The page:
Some even have the audacity to suggest that their advocating for a universal super-easy mode is for the benefit of those who are at the very bottom of the skill ladder and accessibility, and not for their own personal reasons. Such selfless thinking is almost admirable, if it weren’t for the fact that games have never been as easy as they have been now. Remember Halo 2 on Legendary? Remember the Mile High Club Achievement for Call of Duty 4 or Veteran difficulty on World of War and its infamous grenade spam feature? These were legitimately soul-crushing, controller-smashing, wall-punchingly difficult experiences, and these decade old games didn’t exactly revolve around boss fights.
Nowadays you get literal participation trophies in multiplayer games for grazing enemies and access to millions upon millions of online guides to hold your hand through every game in existence, which isn’t necessarily a bad thing per se, but to pretend as though games aren’t trending toward the more easy side is almost willful ignorance. People praised Dark Souls because it offered an experience that wasn’t for everyone; you will die, and you will either learn to live with dying a lot or you better return the game. It is easy to dismiss such thinking as the height of hubris and “skill shaming,” but would anyone enjoy a game that is so easy that it defeats the purpose of playing the game? Do people on the higher end of the skill spectrum not also deserve to play games that challenge them, if that’s what they want?
It’s not as if developers don’t keep accessibility in mind when creating a game either. As mentioned before, Cuphead offers a simplified version of the base game, Dark Souls lets you summon other human players or some reasonably competent AI allies for boss fights, and competitive multiplayer games like Overwatch are starting to feature more and more characters or mechanics that don’t require you to be a god at aiming to be effective. Many modern games also feature more than three difficulty settings so that you can more accurately determine what kind of difficulty level matches your skill level, while some games, such as Dishonored 2, occasionally give you a chance to create your own custom difficulty setting. Simply put, arguing for “I win” buttons so that everyone can play any game is just as idiotic a notion as making games so skill intensive that no one but the best can play them because developers have already found middle grounds between catering to those who barely know how to move their character and those who can speedrun any game on the highest difficulty. Accessibility is not a major problem of modern games, otherwise the term “casual” and “casual markets and audiences” wouldn’t exist to begin with.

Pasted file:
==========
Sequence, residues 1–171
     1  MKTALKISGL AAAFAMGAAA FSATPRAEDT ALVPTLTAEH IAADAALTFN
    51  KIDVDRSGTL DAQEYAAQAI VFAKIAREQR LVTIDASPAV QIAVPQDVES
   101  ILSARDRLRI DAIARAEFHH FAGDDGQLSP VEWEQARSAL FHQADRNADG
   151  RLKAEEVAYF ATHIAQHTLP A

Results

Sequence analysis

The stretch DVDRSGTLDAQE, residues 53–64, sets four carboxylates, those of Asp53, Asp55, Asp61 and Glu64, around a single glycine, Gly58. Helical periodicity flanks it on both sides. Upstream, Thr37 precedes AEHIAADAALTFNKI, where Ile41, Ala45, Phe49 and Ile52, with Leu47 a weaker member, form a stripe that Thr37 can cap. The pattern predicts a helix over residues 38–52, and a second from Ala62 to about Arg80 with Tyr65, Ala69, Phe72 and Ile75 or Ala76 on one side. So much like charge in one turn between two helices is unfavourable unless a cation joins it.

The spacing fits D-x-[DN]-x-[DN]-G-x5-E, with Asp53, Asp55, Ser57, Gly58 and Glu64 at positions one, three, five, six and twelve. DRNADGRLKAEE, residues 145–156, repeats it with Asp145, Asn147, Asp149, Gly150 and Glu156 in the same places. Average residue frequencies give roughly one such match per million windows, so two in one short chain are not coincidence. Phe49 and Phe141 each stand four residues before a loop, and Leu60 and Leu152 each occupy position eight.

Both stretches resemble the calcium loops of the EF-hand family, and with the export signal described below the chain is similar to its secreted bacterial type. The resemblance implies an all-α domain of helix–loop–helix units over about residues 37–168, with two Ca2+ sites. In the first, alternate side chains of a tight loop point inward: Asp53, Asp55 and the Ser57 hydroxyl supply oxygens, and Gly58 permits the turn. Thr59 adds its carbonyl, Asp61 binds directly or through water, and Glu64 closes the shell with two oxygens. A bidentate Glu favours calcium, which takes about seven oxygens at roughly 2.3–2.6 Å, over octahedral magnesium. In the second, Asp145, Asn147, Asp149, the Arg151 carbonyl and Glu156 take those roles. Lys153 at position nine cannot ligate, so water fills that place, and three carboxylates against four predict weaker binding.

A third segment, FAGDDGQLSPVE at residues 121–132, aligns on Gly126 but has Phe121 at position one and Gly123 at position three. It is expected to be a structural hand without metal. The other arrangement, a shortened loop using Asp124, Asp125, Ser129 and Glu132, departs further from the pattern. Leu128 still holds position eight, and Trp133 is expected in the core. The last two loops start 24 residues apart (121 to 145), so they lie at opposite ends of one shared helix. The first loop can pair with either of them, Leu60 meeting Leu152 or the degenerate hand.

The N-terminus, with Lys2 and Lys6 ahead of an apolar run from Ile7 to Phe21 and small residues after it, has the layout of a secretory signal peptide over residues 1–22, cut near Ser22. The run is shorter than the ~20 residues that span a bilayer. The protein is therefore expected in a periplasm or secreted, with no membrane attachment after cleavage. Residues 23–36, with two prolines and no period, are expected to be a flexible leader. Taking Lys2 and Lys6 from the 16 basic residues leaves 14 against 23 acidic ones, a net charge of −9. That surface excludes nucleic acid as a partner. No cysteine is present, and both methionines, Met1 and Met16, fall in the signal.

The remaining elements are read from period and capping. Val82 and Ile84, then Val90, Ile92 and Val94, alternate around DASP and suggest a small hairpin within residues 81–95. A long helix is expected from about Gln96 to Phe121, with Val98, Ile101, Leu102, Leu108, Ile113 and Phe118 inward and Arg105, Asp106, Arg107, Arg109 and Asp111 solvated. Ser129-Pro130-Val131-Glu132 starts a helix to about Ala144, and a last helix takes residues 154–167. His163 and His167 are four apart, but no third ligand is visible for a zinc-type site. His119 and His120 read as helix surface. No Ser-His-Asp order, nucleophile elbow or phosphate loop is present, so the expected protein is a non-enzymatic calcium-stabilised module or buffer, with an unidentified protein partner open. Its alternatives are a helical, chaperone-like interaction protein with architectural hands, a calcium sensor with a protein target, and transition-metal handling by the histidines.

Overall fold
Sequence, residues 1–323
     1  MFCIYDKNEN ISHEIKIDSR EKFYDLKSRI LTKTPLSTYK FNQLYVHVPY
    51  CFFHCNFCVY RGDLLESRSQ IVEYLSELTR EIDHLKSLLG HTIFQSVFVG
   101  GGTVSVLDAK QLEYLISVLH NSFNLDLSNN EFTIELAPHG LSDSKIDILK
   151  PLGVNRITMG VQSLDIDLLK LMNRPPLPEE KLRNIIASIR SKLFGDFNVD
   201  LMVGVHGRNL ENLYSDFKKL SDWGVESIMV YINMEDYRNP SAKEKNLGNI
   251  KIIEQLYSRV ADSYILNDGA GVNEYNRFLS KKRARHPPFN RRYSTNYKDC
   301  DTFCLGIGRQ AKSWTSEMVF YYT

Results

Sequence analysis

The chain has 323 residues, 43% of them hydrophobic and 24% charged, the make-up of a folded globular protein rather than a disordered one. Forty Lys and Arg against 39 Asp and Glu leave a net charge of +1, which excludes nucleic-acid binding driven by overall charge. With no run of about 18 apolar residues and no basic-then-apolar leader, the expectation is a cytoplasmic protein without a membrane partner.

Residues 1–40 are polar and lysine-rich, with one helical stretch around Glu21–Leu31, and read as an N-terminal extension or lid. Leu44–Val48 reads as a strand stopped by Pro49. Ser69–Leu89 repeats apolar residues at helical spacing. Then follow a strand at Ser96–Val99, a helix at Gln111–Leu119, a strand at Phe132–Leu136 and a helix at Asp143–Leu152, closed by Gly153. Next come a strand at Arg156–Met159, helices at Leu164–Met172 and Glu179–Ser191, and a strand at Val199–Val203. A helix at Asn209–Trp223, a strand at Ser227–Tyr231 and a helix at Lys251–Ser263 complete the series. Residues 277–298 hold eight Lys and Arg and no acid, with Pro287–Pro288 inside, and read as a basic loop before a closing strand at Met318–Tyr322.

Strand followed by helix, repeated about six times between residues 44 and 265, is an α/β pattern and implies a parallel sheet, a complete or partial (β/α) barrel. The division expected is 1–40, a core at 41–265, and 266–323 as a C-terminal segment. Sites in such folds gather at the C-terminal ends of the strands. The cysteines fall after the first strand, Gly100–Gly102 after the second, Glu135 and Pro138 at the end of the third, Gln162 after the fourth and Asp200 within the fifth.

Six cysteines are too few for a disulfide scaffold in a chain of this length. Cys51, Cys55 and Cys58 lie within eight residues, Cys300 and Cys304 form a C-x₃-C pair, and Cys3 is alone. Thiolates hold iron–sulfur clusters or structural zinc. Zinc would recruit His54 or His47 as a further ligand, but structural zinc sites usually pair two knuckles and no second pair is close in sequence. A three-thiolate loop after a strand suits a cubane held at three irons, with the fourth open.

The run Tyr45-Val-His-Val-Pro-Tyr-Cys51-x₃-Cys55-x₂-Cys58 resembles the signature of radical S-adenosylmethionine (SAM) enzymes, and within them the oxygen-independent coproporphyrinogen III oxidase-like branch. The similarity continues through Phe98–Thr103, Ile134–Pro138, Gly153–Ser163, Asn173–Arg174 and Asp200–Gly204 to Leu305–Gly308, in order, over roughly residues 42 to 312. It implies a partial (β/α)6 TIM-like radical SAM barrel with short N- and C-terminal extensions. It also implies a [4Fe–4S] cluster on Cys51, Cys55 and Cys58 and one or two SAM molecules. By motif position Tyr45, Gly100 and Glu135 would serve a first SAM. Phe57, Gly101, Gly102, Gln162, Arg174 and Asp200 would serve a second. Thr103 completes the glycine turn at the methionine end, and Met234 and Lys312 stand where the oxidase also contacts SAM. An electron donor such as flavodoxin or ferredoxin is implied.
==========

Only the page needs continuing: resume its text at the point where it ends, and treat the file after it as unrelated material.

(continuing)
In some ways, comparisons can be made between “I win” difficulty modes and fast travel systems in games like Skyrim: in both scenarios, you are skipping something to reach another part of the game faster. After all, if you decided to fast travel across the map in Skyrim, are you not also potentially skipping dragon encounters and whatnot? There is a rather large distinction between the two though in that while you are skipping encounters while fast traveling, it is moreso because you didn’t run into these encounters to begin with, which is a possibility even if you were to remove fast traveling from every game, rather than because you thought the encounter was difficult and you didn’t want to play it through.